Monday, May 31, 2010

The Singer

Prompt: Write a story about a beggar who loves to hear himself sing.


Response: I sat down in the street, leaning against the wall of an adjacent building. It was cold out, but it had been dry enough for several days that I was sitting in neither water nor ice. I stretched my legs out in front of me. My muscles were stiff from the chilly weather and my skin felt dry and eerily smooth.

I leaned my head against the wall and waited. I was tired and dirty. My feet ached inside my worn leather boots. I wasn't used to wandering the streets - wasn't used to walking so much. I wasn't used to walking - not out of desire, but out of necessity.

My head was so heavy, my eyelids so heavy, that I almost fell asleep while I was waiting. I thought when I first heard the singing that it must have been a trapped bird in a window, but when I realized that the voice was human I sat up straighter, drawing my legs up to my chest.

I didn't know the tune and apparently he didn't either - as he hummed several lines between words - but the sound was melodious and strong. I turned my face toward the voice, hoping he wasn't coming my way so he wouldn't notice me listening.

The beggar's tin rattled slightly with the distinct sound of jangling coins and his cane tapped at the ground. And above them his voice rose - rough and worn, but powerful and moving.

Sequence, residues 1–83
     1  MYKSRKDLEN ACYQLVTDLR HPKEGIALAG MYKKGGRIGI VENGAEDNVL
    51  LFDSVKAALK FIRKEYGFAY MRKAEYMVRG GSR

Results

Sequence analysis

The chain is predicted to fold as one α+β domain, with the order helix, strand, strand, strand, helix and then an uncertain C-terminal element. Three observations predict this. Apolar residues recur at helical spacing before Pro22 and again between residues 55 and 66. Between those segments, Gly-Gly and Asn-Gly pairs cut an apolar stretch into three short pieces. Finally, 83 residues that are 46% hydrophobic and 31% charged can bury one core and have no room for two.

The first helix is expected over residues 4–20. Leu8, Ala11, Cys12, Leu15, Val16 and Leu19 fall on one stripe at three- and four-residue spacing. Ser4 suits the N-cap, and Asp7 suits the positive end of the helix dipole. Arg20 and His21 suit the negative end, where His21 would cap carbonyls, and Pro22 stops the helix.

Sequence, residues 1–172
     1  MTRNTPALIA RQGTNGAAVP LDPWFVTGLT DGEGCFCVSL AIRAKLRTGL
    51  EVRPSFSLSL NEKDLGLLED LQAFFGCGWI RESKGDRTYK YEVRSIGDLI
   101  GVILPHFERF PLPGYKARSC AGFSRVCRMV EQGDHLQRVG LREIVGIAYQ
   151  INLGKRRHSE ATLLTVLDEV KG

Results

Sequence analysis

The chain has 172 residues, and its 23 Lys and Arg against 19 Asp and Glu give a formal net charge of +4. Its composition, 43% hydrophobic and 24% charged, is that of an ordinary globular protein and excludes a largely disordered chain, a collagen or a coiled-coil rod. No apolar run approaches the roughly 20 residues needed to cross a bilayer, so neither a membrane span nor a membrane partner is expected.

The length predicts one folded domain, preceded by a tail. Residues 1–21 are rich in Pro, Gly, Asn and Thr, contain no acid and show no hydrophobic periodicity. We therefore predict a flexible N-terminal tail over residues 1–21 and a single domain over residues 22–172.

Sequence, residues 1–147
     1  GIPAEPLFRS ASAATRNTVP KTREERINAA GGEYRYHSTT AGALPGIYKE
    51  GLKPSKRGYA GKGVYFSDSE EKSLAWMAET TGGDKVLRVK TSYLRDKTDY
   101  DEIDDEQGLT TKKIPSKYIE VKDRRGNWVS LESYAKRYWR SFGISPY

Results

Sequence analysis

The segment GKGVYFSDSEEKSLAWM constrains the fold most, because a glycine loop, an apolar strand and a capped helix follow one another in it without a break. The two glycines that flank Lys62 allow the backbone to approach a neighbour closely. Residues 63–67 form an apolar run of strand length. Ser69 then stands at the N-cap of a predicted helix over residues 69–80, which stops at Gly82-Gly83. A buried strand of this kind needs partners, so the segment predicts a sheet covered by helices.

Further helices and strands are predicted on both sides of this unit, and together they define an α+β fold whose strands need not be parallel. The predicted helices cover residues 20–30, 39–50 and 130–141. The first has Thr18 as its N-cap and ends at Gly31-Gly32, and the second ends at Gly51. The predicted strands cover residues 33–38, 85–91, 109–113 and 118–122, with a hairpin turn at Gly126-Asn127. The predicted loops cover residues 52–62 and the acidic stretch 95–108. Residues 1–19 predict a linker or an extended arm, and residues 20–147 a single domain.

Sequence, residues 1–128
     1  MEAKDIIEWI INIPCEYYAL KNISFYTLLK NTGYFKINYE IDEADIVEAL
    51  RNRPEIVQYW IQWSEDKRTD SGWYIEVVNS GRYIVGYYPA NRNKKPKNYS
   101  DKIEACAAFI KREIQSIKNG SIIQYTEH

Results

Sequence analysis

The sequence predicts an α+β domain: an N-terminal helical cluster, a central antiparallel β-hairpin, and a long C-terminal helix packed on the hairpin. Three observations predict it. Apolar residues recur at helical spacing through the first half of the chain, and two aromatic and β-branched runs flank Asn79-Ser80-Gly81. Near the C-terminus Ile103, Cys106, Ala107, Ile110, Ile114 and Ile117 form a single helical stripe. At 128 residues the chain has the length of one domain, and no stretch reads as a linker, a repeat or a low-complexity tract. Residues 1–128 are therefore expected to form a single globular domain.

I closed my eyes as I listened and I could remember the first time I had heard his voice. It was a lifetime ago - before I was living on the streets. It was back when I had a warm winter coat to stave away the wet and the chill. It was back when I had a whole closet full of shoes - all more sturdy than the ones I had on. I passed him on my way to a restaurant suggested by a friend. His lonely, compelling voice had stopped me from a few blocks away.

He had been singing a haunting gosepel song I thought I had heard somewhere before.

The words had struck me hard enough to bring tears to my eyes. Hallelujah, the great storm is over. Lift up your wings and fly.

Huddled against the wall I listened intently to him sing. It carried me to a room with a roaring fire and a piano in the corner with the smell of apples and cinnamon wafting through the air - a place I had once known.

Though I didn't know the words he sang, I felt his voice rush through me like a gust of wind, break over me like the crest of a wave, and I no longer felt quite so cold.

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